Plain text is a must. I’ve had too many bad experiences with proprietary file formats that change when you least expect it. Now I just lace up my org-modes and fly across the page. I use a single file to manage all my blog posts. I have a journal where each day (when I write something) is a top level headline. And I wrote and published my short story “An Emerald Ring” using a single org-mode file for all the drafts.

Still, I wanted more. And I finally figured out how to get more this weekend. Last week I talked about how I wrote a script in gedit (another good editor) that allowed me to parse ideas from a rough draft into a neat list at the end of the file. I spent hours trying to get Emacs to do the same thing. Org-capture (built into org-mode) did the trick for me once I worked out the details and it works better.

I can use that list to brainstorm and build an outline from the bottom up using org-mode. Then take that same outline (think chapters, scenes, sections) to build the format for an article, story or an entire book. And then write the damn thing using the same program — org-mode. And while I’m writing, I can play with characterization, plot, etc. in the same file!

Keeping simple things simple works right out of the box and I was up and running in no time. The do more part takes more time. Last week I said that until I find the perfect text editor for writers, I’d build my own any way I could. Org-mode is a damn good start.

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Livvy and Maddy had a virtual ‘do not disturb’ sign hanging in the air above their heads while watching their favorite TV program in our family room. Livvy is on the left, Maddy is on the right. Can you tell them apart?

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I don’t shoot color much these days because I must send the film out to a lab for processing. Outside processing is expensive, takes time and moves me out of the control loop. But every once in a while I’ll shoot a roll of color film.

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I took this photograph in Ceres Nature Preserve in the spring or summer of 2010 and this is an encore presentation with a different interpretation this time. The reflections, the shapes, the light and shadow and the colors all fascinate me. I took some of the lessons I’ve learned since the original posting and applied them. The image has more contrast, the shadows are deeper and the color is more accurate (I think).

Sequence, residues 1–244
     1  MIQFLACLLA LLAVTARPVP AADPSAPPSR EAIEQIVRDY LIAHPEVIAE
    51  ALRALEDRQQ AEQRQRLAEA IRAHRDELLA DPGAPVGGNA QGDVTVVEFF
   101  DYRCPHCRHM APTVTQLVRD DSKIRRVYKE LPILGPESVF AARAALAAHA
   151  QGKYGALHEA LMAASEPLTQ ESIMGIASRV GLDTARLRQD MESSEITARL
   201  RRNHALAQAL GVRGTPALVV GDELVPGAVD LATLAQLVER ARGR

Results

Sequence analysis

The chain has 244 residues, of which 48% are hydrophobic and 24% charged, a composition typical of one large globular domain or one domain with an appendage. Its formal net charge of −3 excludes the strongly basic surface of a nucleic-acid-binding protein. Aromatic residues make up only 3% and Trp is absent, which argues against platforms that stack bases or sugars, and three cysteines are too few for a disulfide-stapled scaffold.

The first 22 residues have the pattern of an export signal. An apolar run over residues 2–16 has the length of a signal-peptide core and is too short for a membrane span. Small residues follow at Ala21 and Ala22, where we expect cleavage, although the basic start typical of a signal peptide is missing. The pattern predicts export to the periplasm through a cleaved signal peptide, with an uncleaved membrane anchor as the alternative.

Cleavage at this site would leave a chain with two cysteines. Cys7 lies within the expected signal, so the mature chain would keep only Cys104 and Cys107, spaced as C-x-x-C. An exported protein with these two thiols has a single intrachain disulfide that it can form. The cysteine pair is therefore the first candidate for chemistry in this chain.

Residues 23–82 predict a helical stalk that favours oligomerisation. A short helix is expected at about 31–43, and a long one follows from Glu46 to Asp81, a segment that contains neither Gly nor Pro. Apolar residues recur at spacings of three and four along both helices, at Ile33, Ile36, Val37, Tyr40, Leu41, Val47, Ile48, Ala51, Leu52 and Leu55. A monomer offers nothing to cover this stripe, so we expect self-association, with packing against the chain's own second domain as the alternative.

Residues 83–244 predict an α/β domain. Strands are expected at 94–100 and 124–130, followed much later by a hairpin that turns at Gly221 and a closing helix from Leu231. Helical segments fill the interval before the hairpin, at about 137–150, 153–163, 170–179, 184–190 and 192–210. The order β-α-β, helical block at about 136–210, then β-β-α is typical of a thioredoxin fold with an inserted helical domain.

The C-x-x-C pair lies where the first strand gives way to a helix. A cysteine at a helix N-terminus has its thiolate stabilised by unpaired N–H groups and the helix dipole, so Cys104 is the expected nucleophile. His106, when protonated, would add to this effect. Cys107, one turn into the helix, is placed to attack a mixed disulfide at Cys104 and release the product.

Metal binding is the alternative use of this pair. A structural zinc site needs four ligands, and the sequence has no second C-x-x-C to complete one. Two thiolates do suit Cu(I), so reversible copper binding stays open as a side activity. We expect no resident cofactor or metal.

I tried a conversion to B&W. It was merely OK, not worth pursuing. I like this image in color. I used Kodak Ektar color print film, an exciting new (well it was new two years ago) version of an old emulsion with vibrant color designed for scanning. When you get the color right, the results can be stunning. I struggled with the color a bit (no profile in VueScan) and I think this version is better than the first.

Maybe I’ll order a few rolls of Ektar just to have around when I get in the mood for color again.

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OK, you’ve been free-writing, letting the words flow without judging or editing and you’ve exhausted your idea pool or think it’s time to stop. What do you do with the mind dump, first draft now?

I wondered the same thing and wished someone would program a decent text editor for writers. Most, if not all, text editors are written with computer programmers in mind. They are powerful, fast and can do some amazing tricks, most of which are useless for a writer.

Writers are supposed to use word processors (I wonder who started that myth?). I seldom use a word processor and why writers think they should write using a program designed for secretarial tasks in a business office puzzles me. (reminder to self — write an article explaining why word processors suck for creative writing).

Creative writing needs good software that helps instead of getting in the way. What if I had a good text editor that could help make sense of a first draft? What if I had a good text editor that helps me organize my thoughts? What if I could start at the beginning of a shitty first draft and whenever I found a word or phrase that resonated, highlight the word or phrase, press a key combination and send that word or phrase to a list?